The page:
The Key distinction between the ARPS and the NCBWA (46) was the historical and political constraints they encountered and their territorial reach.
As far the Crown was concerned, the ARPS and NCBWA did not have what it took to be recognized as legitimate deputies of Gold Coast and West African people.
Because despite the nationalist rhetoric and polemics of both the ARPS and NCBWA of representing the people, neither could quite demonstrate a sociological and consultative link to the laity.
The ARPS and the NCBWA did, however, bring the questions of political, economic, and moral sovereignty into the discursive theatre of anticolonial politics which, from thence, would remain fixtures in the discourses of colonialism and anticolonialism.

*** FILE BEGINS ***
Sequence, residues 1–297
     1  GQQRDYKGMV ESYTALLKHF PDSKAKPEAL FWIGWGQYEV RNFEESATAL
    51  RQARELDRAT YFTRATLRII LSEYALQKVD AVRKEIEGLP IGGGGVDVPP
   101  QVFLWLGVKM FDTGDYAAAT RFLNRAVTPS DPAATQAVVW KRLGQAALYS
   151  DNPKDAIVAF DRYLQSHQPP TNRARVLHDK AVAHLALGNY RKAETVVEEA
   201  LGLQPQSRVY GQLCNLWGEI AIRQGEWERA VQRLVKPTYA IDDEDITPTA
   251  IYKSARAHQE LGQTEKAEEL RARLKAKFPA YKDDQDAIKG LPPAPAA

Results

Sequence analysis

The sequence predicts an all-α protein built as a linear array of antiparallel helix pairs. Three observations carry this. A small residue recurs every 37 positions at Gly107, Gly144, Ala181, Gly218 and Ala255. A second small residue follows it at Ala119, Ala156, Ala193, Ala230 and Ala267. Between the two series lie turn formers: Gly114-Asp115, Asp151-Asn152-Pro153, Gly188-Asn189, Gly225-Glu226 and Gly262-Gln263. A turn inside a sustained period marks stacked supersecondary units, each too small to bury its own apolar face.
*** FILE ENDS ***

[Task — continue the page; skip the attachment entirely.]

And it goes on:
This sentiment is reflected in the view of the NCBWA that Africans (53) could no longer be denied these principles and ideals.
It is true because the NCBWA did not, looking back, establish a meaningful courtship with the masses.
The years between when the NCBWA folded and WW II (roughly from 1920-1938) saw their own variety of socionationalism, covering a mosaic of interests stretching anywhere from land grievances, employment issues, and the demands for fair farming practices and pricing of Cocoa which was rapidly emerging as the mainstay of income for the colonial government and the dwellers of the Southern Forest Belt who grew this cash crop.
Much like the mosaic nature of political and historical actors of the late nineteenth to when the NCBWA dusked, socio-political and historical actors of the pre-World War II era were also eclectic.